Tag Archives: cactus fruit

Picking Tunas

full of tunas

Tunas are not hard to find after the rainy season.


 La Yacata provides for us in many ways you might not expect. Not only do the cactus that grow here give us nopal and pitayas (See Picking Pitayas) but after the rainy season, there are the tunas. Tunas come in red and green and are what might be called prickly pears. As with all things the desert provides, they take some effort to harvest but are well worth it.


Climbing on the top of the truck might get you close enough to harvest tunas–or it might not.

The first step in picking tunas is to find a cactus loaded with them. Once a likely target has been sighted, then the trick is to determine the best way to get at them. Tunas grow at the very tip top of the cactus and obviously you can’t just scurry up its branches like you would an apple tree. The cactus wouldn’t hold your weight and would give you espinas (thorns) in both your shoes and any other part of your body that might be exposed. You also don’t want to try and shake the cactus like you would a small nut tree or risk a rain of thorns.

stick with machete

Attaching a long stick to a machete may help you harvest.

Sometimes, parking below and clambering up on the top of the truck cabin will boost you enough to reach. Other times, if you are fortunate, the cactus will have grown next to some sort of tree you can climb. When all else fails, a long stick with a machete on top might do the trick.

twist with pinchers

Cutting a small section of the penca (leaf) will allow you to get at the tunas.

With the machete, extended or normal, cut a section of the penca (cactus leaf) that has a good number of tunas. Don’t worry about damaging the plant. Wherever a penca (cactus leaf) falls, another cactus grows.

brush off

Brush the thorns off the tunas before cutting them open.

With improvised wooden pinchers made from whatever branches may be lying about, twist off the tuna. When you have a pile of them, use a group of leafy branches to knock off most of the espinas (thorns). Once brushed clean, slice the tuna lengthwise with your machete. Using your thumb, pop out the fruit and discard the outside. This process is best done out in the open. The tiny espinas (thorns) that protect the fruit are sharp and painful and get everywhere.

pop out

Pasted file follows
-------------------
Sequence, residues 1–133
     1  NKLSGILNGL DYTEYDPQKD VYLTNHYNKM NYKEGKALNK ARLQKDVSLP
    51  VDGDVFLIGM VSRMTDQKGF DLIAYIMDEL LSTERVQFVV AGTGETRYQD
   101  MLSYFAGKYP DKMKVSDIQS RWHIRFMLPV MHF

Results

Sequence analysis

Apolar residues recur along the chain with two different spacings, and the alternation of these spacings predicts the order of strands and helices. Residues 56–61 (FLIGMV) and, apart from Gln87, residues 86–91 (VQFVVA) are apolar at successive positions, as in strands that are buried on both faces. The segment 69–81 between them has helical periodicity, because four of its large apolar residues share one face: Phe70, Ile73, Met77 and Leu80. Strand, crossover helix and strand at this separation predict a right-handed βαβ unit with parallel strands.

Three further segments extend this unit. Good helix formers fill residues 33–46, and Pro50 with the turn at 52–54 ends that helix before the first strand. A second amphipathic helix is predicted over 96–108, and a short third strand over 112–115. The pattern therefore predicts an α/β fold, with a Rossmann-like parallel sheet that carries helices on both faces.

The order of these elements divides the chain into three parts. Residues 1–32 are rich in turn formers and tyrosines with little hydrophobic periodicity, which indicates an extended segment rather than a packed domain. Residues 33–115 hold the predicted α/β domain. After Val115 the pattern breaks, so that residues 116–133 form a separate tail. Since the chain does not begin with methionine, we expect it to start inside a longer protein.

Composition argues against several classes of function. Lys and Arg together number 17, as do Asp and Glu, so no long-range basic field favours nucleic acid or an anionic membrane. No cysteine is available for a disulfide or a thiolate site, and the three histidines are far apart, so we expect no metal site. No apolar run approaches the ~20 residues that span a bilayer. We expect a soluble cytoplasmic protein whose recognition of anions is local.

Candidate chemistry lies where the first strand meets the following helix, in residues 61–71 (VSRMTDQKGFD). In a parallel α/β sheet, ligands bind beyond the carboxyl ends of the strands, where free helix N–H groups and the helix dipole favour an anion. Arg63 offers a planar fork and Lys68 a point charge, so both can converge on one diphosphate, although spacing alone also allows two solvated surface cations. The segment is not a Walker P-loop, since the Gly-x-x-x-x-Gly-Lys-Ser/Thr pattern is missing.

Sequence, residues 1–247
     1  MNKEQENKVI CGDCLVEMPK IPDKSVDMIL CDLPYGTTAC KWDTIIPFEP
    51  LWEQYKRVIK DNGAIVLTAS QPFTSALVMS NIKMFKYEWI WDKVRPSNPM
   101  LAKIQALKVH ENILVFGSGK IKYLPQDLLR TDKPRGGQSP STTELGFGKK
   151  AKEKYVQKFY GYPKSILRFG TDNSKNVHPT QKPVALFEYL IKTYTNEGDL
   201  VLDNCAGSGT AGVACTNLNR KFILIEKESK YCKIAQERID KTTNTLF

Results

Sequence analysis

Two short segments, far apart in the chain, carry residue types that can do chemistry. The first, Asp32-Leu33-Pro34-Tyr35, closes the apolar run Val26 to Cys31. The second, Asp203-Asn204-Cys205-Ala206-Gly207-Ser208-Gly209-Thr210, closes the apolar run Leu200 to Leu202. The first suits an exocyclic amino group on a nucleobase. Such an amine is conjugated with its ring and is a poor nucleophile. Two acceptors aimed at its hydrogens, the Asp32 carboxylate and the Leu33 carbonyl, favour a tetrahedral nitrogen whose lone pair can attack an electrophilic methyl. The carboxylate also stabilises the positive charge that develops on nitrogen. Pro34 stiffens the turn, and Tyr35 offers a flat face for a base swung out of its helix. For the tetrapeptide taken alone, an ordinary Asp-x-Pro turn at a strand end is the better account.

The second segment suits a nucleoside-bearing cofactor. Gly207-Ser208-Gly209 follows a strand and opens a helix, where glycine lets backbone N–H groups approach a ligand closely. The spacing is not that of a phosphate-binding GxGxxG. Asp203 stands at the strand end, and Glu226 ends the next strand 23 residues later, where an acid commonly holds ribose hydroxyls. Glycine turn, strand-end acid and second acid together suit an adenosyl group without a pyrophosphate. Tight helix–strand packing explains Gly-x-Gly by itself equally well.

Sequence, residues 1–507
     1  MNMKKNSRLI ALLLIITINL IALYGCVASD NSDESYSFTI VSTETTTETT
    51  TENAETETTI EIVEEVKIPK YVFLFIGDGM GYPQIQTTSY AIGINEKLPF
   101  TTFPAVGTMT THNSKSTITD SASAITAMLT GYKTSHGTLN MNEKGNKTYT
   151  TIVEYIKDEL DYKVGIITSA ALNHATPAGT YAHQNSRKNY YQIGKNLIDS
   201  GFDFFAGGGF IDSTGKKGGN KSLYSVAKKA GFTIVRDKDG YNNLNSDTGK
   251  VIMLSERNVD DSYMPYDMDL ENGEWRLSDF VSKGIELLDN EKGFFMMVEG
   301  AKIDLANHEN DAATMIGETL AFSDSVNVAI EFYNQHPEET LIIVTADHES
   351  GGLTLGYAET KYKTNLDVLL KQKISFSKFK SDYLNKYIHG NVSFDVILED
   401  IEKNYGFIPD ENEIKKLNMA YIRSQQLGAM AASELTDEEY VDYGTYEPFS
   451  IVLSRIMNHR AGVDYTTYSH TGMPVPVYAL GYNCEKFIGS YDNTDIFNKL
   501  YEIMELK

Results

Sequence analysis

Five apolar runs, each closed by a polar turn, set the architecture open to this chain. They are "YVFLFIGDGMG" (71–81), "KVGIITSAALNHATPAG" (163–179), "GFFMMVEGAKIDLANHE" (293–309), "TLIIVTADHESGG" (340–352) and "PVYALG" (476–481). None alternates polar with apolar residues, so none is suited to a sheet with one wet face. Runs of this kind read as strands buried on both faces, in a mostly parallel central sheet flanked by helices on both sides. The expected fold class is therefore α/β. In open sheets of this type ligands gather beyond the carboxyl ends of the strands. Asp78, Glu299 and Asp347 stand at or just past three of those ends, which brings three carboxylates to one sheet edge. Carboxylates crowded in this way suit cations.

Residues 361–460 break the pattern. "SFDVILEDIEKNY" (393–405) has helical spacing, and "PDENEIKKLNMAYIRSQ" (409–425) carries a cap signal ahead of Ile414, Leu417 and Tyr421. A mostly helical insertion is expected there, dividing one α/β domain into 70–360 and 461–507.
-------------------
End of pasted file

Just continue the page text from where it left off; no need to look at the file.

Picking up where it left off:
Slice open and pop out the fruit.

When you have a bunch of this juicy, seedy sweet fruit, add límon y sal (lime and salt) and enjoy.

with limon

Enjoy tunas with a little lime and salt!

Doesn’t this Prickly Pear Margarita look delicious?





Filed under Native fauna and flora

Picking Pitayas

top of cactus

June marks the beginning of the raining season. Most fruits and vegetables are not reading for picking yet, however, the flower of one type of cactus converts to fruit and is ready for harvest at the very beginning of the rainy season. On Sunday, we started off early to minimize heat exhaustion and went in search of pitayas.


la presa de Quirahuyo during dry season


We went to the presa (lake) near Quiahuyo where we fetch our drinking water. (See Water Woes) It was especially low because last year’s rains were less than normal.


Cow bones found when this section of the lake dried

During the rainy season, this lake is almost 3 times as wide and has hidden deep areas that often become muddy traps for cattle and swimmers.

fishing with nets

Locals illegally fishing

Even this shallow, the presa (lake) teems with fish.


Prohibited to fish with nets in this area

Fishing with nets is prohibited so that the fish population isn’t eradicated, however, that doesn’t stop local fishermen.

Old spark plugs are used in fishing.

Old spark plugs are used in fishing.

All along the edges of the lake, we found rusty spark plugs. Since there was no way for a vehicle to get through the mud and rocks, this seemed odd to me until my husband explained that the spark plugs weigh down the plastic soda bottles that are tied to the fish traps. When the bottle bobs, fish have been caught.

In order to get to the pitayas, we had to cross an area where cows came down from above to drink. As the cattle didn’t seem too pleased to be disturbed, we moved quickly. My son even took off his red t-shirt so as not to attract the attention of the toros (bulls) guarding their herds.


Just a bit further on, we found a good number of cactus. Pitayas are the spiny balls found at the top.


Cutting the pitayas

Unless you are a chuparosas (hummingbird) harvesting them requires a very long forked stick. Fortunately, my husband is an old pro and we had a bucketful in no time.


fresh pitaya

To eat pitayas, you must slice them open, being careful not to get espinas (thorns) in your hands as you hold them still.

pop it out

Pop the pitaya fruit out with your thumb

Then, once the fruit is exposed, use your thumb to pop half out and pop it in your mouth, again, checking for stray espinas (thorns). The fruit has the consistency of seedy brains and tastes a lot like strawberries.

red tuna

Red pitaya

Pitayas come in red and yellow, depending on the color of the flower on the cactus. We were in luck and found both and thoroughly enjoyed a sweet treat.


Yellow pitaya

We are so fortunate to live in an area where the earth provides an abundance for her people. It does take more effort than going to the corner store for chatarra (junk food) but what is life without a little effort?




Filed under Native fauna and flora